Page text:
Golfo Alexopoulos— In the Gulag or forced labor camp system under Stalin, 1929-1953, prisoners represented the state’s “human raw material.” Camp officials recorded prisoners’ illnesses, hospitalizations, and deaths as a way of tracking one of the most important pieces of data for the party—“lost labor days.” The Stalinist camp system
James Heinzen— I first became fascinated with the social and cultural dimensions of everyday bribery in the Soviet Union when I was robbed in Moscow in 1992, just after the collapse of the USSR. My wallet was swiped by a group of kids while I was walking in central Moscow. When
As the headline states, the landmark series Annals of Communism is once again making news as a key resource for scholars of the Soviet Union. Jonathan Brent, editorial director for Yale University Press, discusses a exciting new project in an article featured in Sunday’s New York Times Book Review. “The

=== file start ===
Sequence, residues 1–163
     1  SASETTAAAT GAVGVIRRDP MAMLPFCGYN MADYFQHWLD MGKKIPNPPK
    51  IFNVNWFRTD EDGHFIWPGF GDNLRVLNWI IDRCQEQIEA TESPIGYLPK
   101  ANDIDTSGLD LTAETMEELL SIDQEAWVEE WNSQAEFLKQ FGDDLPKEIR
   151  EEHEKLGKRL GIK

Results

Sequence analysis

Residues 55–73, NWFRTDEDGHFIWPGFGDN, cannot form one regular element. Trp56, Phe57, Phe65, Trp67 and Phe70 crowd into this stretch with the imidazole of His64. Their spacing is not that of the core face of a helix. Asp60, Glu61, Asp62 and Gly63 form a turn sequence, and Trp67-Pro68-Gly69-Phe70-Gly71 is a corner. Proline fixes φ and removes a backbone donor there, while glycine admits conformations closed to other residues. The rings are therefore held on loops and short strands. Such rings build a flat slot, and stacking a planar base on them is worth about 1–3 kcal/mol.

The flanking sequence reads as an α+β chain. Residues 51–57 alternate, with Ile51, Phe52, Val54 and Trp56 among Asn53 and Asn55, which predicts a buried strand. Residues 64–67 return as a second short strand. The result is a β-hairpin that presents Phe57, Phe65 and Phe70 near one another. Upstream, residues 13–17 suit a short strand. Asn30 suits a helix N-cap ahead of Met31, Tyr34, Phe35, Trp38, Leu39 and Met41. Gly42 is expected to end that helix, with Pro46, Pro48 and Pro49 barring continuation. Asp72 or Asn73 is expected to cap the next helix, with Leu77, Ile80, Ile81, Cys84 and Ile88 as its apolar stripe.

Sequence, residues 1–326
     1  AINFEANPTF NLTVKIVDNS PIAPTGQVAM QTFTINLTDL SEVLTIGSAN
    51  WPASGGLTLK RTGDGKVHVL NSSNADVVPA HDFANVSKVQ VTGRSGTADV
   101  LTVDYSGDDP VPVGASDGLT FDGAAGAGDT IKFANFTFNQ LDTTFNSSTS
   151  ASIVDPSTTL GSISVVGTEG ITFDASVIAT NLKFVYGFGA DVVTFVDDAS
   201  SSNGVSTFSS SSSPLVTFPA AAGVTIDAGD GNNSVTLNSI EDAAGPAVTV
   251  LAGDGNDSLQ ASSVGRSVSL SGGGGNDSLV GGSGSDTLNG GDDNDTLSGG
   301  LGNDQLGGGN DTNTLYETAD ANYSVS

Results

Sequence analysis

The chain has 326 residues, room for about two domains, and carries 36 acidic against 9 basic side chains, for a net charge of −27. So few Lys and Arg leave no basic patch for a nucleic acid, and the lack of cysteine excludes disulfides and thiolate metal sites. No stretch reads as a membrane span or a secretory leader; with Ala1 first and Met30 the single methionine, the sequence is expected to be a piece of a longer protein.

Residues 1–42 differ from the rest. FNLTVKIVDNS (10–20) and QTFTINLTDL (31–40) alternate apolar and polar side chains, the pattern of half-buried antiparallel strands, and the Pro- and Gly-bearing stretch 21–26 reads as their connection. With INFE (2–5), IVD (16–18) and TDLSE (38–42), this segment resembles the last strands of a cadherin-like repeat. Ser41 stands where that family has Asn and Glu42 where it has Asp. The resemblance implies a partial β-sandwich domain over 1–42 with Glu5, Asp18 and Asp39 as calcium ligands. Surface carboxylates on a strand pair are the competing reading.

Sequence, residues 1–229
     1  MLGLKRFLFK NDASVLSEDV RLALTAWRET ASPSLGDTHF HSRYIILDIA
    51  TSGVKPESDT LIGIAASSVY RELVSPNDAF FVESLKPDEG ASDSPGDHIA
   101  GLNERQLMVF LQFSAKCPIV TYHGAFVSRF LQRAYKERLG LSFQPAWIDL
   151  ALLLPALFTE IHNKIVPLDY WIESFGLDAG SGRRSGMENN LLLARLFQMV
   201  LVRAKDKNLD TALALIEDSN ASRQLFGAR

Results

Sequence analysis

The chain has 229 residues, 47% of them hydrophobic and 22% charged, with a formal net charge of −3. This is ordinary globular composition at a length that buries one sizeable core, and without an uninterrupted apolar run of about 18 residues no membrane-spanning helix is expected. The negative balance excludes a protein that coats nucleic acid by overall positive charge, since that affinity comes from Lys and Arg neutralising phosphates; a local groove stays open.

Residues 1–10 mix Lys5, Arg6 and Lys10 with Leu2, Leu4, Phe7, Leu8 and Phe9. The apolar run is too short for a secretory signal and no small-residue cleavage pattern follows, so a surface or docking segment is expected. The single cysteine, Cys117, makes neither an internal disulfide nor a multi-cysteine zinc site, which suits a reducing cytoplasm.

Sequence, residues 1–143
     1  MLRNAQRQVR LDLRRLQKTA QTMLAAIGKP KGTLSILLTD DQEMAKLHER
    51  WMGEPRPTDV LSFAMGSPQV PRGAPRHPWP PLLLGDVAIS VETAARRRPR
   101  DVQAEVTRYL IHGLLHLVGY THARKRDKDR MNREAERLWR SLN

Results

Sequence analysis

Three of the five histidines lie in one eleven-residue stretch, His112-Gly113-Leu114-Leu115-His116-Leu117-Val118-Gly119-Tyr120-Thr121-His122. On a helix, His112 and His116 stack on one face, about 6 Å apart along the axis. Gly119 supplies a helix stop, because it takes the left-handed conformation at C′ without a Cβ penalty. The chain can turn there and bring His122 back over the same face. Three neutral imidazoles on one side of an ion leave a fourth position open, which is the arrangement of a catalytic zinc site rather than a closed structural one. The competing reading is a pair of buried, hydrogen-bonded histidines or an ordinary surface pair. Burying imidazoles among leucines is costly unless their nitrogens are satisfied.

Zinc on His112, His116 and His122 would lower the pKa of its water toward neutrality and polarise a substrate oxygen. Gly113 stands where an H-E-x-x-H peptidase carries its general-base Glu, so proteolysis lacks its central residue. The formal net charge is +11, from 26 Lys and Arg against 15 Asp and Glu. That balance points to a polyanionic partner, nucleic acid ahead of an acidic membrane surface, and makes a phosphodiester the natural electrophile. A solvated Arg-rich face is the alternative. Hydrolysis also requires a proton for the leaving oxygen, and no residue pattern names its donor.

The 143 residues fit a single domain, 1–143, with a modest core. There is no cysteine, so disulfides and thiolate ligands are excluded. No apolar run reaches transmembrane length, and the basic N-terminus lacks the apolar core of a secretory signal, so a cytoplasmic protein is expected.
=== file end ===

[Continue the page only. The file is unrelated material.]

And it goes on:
On Sunday The Boston Globe ran a profile of Jonathan Brent, the associate director and editorial director of Yale University Press and the executive editor of the Annals of Communism Series. The series is a 20-book project that “provides new and vivid details from documents that have been mined by
How did the rulers of the Soviet Union pass the time during long Politburo meetings in the Kremlin? They doodled. Sketching on notebook pages, official letterheads, and the margins of draft documents, prominent Soviet leaders in the 1920s and 1930s amused themselves and their colleagues with drawings of one another.
On Monday, May 29, Americans will observe Memorial Day, commemorating the U.S. men and women whose lives were lost, and continue to be lost, in military service for their country. The day marks a fitting occasion to look back at the wars which have defined our nation’s history and the
“Does anybody really need to read another book about Hitler or Stalin?” asks Tim Rutten in the Los Angeles Times.”If you think not, spend a few engrossingly profitable hours with John Lukacs’ new book, June 1941, and you’ll be reminded that the one thing history does not admit is a
“This collection is a history junkie’s delight,” raves Publisher’s Weekly in its review of My Dear Mr. Stalin: The Complete Correspondence Between Franklin D. Roosevelt and Joseph V. Stalin. The book is the first publication that contains the more than three hundred hot-war messages exchanged between FDR and Stalin from